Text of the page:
As digital marketers, we already know that having a blog is probably helpful to your site. We also know having a good blog is better than having a bad one. But how does content actually impact a site? What type of content is optimal? And do we really have to implement a content strategy?
This seems obvious, but there have been marketers that see any content—good and bad—as enough for building up your site's SEO. The graph above demonstrates how the higher your content performance—the quality of your content—the more likely you are to rank highly on Google. So we encourage you to not waste your time with anything but the best.
Now, it's challenging to produce content with a high content performance score if you don't know how that is calculated. Luckily cognitiveSEO explains themselves with this definition.
2. You can take advantage of commercial keywords to compete with the big guys
When building up your SEO, there are two ways to think about keywords: branded vs. commercial. A branded keyword for ArcStone would be "ArcStone," whereas commercial keywords would include "digital marketing," "web design" or any other service we provide.
Many of us get discouraged when we look at the big competitors and realize we could never keep up with their brand recognition. However, the article points out that there is a very strong correlation between high content ranking and use of commercial keywords. In other words:
"It’s almost impossible to keep up with the link amount a big brand is getting. Yet, content performance is something that is in your full control and you can take advantage of it."
You might not be able to keep up with their branded ranking, but you do have the power to produce a ton of well-optimized content and rank higher than those companies through your use of commercial keywords.
3. Brand keywords rank first
The average marketer does focus on commercial keywords but, as we've discussed in the past, many of us neglect branded. However, cognitiveSEO shows branded content holds a lot of potential for high rankings. In fact, it can hold this high potential without necessitating the same high content performance scores.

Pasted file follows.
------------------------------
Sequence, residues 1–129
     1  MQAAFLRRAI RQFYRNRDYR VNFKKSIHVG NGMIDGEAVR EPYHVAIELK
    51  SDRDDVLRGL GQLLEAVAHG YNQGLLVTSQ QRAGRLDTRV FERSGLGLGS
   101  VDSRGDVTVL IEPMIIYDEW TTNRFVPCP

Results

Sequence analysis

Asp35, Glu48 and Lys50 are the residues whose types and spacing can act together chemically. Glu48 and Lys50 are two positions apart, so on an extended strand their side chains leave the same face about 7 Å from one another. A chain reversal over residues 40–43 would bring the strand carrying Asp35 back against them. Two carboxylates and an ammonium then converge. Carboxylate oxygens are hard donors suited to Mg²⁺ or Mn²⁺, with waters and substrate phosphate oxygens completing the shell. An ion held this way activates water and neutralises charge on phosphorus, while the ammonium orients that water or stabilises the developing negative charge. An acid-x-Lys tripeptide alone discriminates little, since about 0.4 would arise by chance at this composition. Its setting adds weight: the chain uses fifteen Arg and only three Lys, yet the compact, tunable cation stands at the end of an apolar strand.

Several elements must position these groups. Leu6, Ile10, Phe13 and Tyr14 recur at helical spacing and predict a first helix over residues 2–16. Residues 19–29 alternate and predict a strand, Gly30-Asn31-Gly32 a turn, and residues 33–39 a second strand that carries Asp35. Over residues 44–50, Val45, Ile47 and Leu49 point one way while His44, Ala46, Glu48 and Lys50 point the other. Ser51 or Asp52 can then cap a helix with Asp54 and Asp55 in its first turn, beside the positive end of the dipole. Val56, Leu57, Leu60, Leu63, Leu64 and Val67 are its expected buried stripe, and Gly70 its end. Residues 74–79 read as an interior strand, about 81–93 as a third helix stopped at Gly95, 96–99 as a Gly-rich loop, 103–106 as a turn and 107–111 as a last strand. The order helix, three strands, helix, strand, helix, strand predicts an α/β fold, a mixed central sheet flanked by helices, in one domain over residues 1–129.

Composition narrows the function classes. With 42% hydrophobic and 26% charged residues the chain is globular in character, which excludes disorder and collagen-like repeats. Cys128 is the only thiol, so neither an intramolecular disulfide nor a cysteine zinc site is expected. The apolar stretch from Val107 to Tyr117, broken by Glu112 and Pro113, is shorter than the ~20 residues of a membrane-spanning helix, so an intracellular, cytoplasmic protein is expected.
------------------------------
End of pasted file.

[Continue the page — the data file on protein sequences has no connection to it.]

For example, if your brand name could also be optimized as a commercial keyword, something like "Brand Mentions" as seen below, it's likely to out-perform content optimized around that key phrase. This is even if that content has a higher content performance score than the branded content.
This doesn't mean you should be lazy when it comes to branded content. The higher content performance scores will not only make you sound better to your audience, but will also still help your rankings.
4. For the most part, content with around 1700 words performs best
We get asked this a lot, "how long should my blog posts be?" Unfortunately, there is still no easy answer. There are advantages to both: long posts allow you to get more in-depth and provide more opportunity to rank for keywords, however shorter posts are easier to complete so you can post more frequently—which Google likes to see.
What we can say is that after cognitiveSEO crawled a lot of data, they found that somewhere between 1400 and 2000 words was the average for posts ranking in the top 20 positions. You'll want to read the full article to understand why this answer is still complicated.
Thanks to research like that of cognitiveSEO, we will all continue to have a better grasp of what the ever-changing Google wants from us. Seek to understand what type of content you should produce and then build your content marketing strategy around that.
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